"This is pretty good evidence that we have something very hot near the surface," Scott said, but it does not indicate any greater or less likelihood that a magma eruption will occur soon. Scientists are monitoring the volcano by taking thermal images of the dome and the crater, flying over the volcano to measure the gases being released and monitoring GPS instruments for ground deformation. But, Scott said, it is likely the volcano will "go without any warning at all." If that occurred, the eruption would be rich in ash that could reach 50,000 feet in altitude, and would produce lava and last tens of minutes to hours. He said the scientists will be looking for all possible indications that something bigger is about to occur, but "all options are open right now. It's best just to watch and see what happens."

One interesting thing to note, Scott said, is that the lava dome around the glacier has seen intense deformation over the past few days — around 100 feet. Furthermore, new cracks have popped up on the dome and in the glacier — all indications that "somewhere down the line, we [can] expect an explosive eruption." The cracks might lead to a greater likelihood of a larger, magma and ash-rich eruption, Scott said, because the magma would have more escape options. All of the events so far, he said, have been "expectable."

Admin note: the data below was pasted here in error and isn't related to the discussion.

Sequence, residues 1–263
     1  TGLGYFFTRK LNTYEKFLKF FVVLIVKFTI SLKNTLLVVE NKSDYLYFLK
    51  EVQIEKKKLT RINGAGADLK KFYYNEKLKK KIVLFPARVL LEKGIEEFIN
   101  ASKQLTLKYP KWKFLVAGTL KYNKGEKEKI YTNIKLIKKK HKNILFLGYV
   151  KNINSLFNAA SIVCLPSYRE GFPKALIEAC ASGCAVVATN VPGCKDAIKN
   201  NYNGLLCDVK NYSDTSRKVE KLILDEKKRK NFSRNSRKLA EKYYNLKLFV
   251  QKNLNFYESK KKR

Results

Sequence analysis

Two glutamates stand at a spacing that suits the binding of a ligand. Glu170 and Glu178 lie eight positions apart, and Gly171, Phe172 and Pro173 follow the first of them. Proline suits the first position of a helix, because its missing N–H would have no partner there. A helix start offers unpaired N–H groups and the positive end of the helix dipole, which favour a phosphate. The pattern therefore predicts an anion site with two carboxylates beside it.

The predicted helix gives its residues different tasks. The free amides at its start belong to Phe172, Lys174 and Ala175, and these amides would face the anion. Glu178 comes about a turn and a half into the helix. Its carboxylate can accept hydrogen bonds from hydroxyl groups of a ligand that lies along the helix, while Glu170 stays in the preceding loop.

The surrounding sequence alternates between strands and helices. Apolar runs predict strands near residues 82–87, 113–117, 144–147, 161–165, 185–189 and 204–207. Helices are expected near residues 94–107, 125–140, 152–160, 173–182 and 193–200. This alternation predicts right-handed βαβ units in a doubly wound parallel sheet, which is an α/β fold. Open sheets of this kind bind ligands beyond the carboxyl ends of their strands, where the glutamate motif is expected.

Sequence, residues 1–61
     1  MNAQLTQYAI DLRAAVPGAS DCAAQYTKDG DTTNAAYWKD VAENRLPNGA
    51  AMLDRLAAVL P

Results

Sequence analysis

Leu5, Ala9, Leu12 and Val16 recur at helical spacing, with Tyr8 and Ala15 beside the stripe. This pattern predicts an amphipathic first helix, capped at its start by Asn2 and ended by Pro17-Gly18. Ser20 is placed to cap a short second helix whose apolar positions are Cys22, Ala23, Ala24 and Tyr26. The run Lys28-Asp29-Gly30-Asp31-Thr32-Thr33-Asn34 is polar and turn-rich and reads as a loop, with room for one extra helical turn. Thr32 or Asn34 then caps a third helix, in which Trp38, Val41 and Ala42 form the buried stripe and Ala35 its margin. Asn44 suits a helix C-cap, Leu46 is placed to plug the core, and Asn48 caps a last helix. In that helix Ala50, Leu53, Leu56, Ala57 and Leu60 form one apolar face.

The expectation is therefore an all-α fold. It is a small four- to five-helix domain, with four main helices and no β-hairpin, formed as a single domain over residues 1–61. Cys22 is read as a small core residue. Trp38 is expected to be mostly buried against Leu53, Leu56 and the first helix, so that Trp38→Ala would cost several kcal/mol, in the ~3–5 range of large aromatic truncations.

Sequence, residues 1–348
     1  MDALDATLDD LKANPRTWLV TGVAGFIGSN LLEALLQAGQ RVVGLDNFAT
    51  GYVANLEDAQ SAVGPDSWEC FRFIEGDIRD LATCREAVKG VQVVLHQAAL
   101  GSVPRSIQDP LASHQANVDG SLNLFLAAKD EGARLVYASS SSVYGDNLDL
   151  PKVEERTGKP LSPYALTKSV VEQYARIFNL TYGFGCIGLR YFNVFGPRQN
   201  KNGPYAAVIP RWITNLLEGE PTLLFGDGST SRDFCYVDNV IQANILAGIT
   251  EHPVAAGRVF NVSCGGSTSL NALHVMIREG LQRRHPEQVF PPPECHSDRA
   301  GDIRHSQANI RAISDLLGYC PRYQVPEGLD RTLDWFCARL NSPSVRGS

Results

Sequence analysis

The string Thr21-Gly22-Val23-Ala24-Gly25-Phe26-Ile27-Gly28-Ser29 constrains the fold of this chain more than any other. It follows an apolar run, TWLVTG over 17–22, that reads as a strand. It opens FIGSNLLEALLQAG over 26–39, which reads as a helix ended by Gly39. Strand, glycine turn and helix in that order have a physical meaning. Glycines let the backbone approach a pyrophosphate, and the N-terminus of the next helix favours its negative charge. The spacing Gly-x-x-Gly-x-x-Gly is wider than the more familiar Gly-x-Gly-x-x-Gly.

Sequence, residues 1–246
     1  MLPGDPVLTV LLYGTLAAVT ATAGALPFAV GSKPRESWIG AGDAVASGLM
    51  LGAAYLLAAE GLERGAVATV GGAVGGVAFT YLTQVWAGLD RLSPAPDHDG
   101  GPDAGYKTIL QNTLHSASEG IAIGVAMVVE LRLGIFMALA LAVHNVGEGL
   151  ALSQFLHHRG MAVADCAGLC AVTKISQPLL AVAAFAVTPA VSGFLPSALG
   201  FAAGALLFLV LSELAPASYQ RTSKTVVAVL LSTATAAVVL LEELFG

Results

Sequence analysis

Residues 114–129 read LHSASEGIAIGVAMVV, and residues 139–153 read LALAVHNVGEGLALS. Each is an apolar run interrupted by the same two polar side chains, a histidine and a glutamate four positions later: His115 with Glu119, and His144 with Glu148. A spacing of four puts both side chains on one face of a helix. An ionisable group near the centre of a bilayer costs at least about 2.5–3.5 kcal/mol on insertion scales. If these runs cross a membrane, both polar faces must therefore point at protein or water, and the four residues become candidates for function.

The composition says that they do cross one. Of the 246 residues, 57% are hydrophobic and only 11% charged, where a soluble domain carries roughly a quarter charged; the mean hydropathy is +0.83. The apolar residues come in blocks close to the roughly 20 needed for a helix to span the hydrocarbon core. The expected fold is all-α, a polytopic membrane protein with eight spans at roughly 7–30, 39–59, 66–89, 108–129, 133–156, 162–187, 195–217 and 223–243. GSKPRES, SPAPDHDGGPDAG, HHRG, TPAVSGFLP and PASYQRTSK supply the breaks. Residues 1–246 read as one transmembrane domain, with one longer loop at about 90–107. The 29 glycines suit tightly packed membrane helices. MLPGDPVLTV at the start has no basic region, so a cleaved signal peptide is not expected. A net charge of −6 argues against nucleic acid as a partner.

The lava dome atop Mount St. Helens has been growing and deforming significantly since activity began there last week. It has deformed more than 100 feet, according to USGS geologists.

Indeed, "this is pretty much exactly what we expected to happen," says Jim Vallance, a geologist at CVO. From 1981 to 1986, "we saw a lot of events like this," in which steam and ash erupted and quiesced. The last eruption of Mount St. Helens was in 1986, six years after the major eruption on May 18, 1980, that blasted away the entire top and northwest face of the mountain releasing 24 megatons of thermal energy.

Geologists are continuing to monitor the volcano to see what happens next.

Last updated at 4:00 p.m. EDT, Oct. 4, 2004.

Megan Sever

Links:
Article on MSNBC.com
Seattle Times coverage

Mount St. Helens VolcanoCam
U.S. Geological Survey Cascades Volcano Observatory

Past related Geotimes stories:
"Paths of Destruction: The Hidden Threat at Mount Rainier," April 2004
"Mount St. Helens 20 Years Later: What We've Learned," May 2000

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Web Extra Friday, October 1, 2004

Mount St. Helens could erupt in days to months

In the next few days to a month, there's a 70 percent chance that a small to moderate eruption event will happen at Mount St. Helens, site of the violent and deadly eruption of May 18, 1980, according to an announcement yesterday by researchers at the U.S. Geological Survey's (USGS) David A. Johnston Cascades Volcano Observatory (CVO), in Vancouver, Wash.